Problematics | Carbon copies in the age of typewriters - Hindustan Times

Problematics | Carbon copies in the age of typewriters

Oct 02, 2023 05:21 PM IST

The mystery of the typewriter is gone with the rise of smartphones and computers. However, carbon paper still has some use, such as in college projects.

Until about a generation and a half ago, there used to be an aura of mystery about the typewriter. You could only wonder at the speed with which a skilled typist would hammer away at the keys, precisely finding every letter even though these appeared to be in a random arrangement. The wonder continued when the mechanical typewriter made way for the electronic version, which remained the domain of trained typists only.

Welcome to Problematics! (Shutterstock) PREMIUM
Welcome to Problematics! (Shutterstock)

Today, the mystery is gone. The typewriter layout is implanted in our memory, thanks to our constant use of the keypads of our smartphones and computers. Unlike the keyboard/keypad layout, however, there’s one aspect of the typewriter that has not passed on from generation of typing to another: the carbon paper.

Although the carbon paper has no use in smartphones and computers, it has not gone totally extinct. A college student, for example, may use a carbon paper while writing a project if they need to submit one copy and keep another with themselves. The following puzzle, therefore, assumes that you already know how a carbon paper works; if you have never used one, the Internet is a free repository of knowledge.

#Puzzle 58.1

The only time I have seen this puzzle published was in Mukul Sharma’s Mindsport, his column in The Illustrated Weekly of India, now long out of print. Dear MS did not specify whether he had thought it up himself or had picked it up from another source. I have modified the MS version only slightly.

Place a sheet of carbon paper between two white sheets, as any typist from the Golden Age would do. Fold this assembly in half, with the bottom half going behind the top half. Now place the assembly into a mechanical typewriter, so that any letter you type would land on the front half. Hold down the capital key and hammer just one key: Y, so that you get its uppercase version.

How many times would Y appear across the two sheets, where would it appear on which sheet, and how would each Y be oriented?

#Puzzle 58.2

#Puzzle 58.2
#Puzzle 58.2

This one should be simple for anyone who is good with numbers. Take 10 cards, A-2-3-4-5-6-7-8-9-10, of whichever suit or suits. Arrange them in the layout shown, so that the pip values (A = 1) of the cards in each row and each column adds up to 18.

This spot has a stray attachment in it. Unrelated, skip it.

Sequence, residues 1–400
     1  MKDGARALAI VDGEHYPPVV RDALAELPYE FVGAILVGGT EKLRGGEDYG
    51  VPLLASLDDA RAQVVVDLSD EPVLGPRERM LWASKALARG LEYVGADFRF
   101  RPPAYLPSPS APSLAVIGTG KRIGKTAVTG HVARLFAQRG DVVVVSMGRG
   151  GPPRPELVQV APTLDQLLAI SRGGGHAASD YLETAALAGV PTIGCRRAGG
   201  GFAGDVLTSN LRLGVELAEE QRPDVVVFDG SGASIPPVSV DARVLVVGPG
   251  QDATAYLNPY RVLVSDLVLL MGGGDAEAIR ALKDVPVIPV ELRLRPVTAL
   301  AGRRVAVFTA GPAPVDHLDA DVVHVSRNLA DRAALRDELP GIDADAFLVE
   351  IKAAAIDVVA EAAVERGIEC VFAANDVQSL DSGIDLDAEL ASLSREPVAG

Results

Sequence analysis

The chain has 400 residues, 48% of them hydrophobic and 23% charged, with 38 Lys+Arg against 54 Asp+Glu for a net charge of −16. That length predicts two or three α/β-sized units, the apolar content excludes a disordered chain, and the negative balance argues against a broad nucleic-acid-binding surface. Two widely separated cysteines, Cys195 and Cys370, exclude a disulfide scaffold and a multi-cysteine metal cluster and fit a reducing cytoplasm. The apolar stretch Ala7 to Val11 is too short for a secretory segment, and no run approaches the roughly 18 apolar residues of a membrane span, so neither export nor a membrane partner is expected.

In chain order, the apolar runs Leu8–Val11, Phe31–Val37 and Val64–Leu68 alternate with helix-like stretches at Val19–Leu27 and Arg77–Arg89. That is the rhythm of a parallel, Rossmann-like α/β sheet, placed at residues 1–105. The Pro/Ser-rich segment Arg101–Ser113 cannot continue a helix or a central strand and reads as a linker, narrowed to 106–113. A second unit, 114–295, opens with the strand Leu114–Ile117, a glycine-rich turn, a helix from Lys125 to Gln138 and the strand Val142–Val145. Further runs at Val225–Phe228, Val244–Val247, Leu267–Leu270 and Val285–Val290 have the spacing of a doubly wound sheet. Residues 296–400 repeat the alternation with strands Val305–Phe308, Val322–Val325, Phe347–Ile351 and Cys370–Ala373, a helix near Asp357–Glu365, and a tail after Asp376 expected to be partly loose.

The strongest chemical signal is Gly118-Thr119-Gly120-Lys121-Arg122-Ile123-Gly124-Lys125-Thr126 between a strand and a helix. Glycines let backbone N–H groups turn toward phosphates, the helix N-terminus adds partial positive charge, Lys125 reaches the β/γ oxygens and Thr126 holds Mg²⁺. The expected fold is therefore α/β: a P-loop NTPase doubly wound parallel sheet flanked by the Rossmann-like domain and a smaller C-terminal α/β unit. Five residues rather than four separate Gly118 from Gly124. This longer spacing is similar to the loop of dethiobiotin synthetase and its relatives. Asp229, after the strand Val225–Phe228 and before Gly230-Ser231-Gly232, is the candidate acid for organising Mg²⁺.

Note: Do remember to send illustrations with both your solutions. There have been readers who, in the past, have not sent illustrations after I had asked for them, and it is sometimes taxing to visualise what you mean by reading your text alone. So, treat the illustrations as a must, please.

Mailbox: Last week’s solutions

#Puzzle 57.1

Hi Kabir,

If we visualise the climber’s ascent and descent as being on the SAME DAY, as if two different persons were walking, one ascending and his clone descending, they would definitely meet at some point on the route despite their random speeds and resting times etc. This proves that there is a point on the route where the climber was present at the same time on both days.

—Ranjan Ghosh, Noida

#Puzzle 57.2

#Puzzle 57.2
#Puzzle 57.2

If the length, breadth and height of the box are L, B and H, then the length of ribbon required (excluding the knot) is 2L + 4B + 6H = 12 feet.

Now the product of three numbers whose total is constant is maximum when these numbers are equal. Therefore, the volume 2L x 4B x 6H will be maximum when 2L = 4B = 6H. This gives L= 2 ft, B= 1 ft, H = 2/3 ft, and a maximum volume of 4/3 cubic ft.

— Kanwarjit Singh, Chief Commissioner of Income Tax (retd), Delhi

Solved both puzzles: Ranjan Ghosh (Noida), Kanwarjit Singh (Delhi), Amit Khanna (Fremont, California), Group Capt RK Shrivastava (retd; Delhi), Harshit Arora (IIT Delhi), Rajesh Bansal (Noida), Anil Khanna (Ghaziabad), Prof Anshul Kumar (Delhi), Rajender Parsad Agarwal (Delhi), Rajeev Chauhan

Solved #Puzzle 57.1: Raj Laxmi (Delhi), Ajay Ashok (Mumbai), Dr Sunita Gupta (Delhi), Nagarajan Subramanian (Gurgaon), Sunita & Naresh Dhillon (Gurgaon), Sabornee Jana (Mumbai), Shri Ram Aggarwal (Delhi), Vineet Kumar Dargan (Delhi), Bhuvi Jain (Delhi), Amardeep Singh (Meerut)

Solved #Puzzle 57.2: SC Vasudeva, HP Choudhury, Joydeep Mahato, Maithili Sharan (Delhi)

Problematics will be back next week. Please send in your replies by Friday noon

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    Puzzles Editor Kabir Firaque is the author of the weekly column Problematics. A journalist for three decades, he also writes about science and mathematics.

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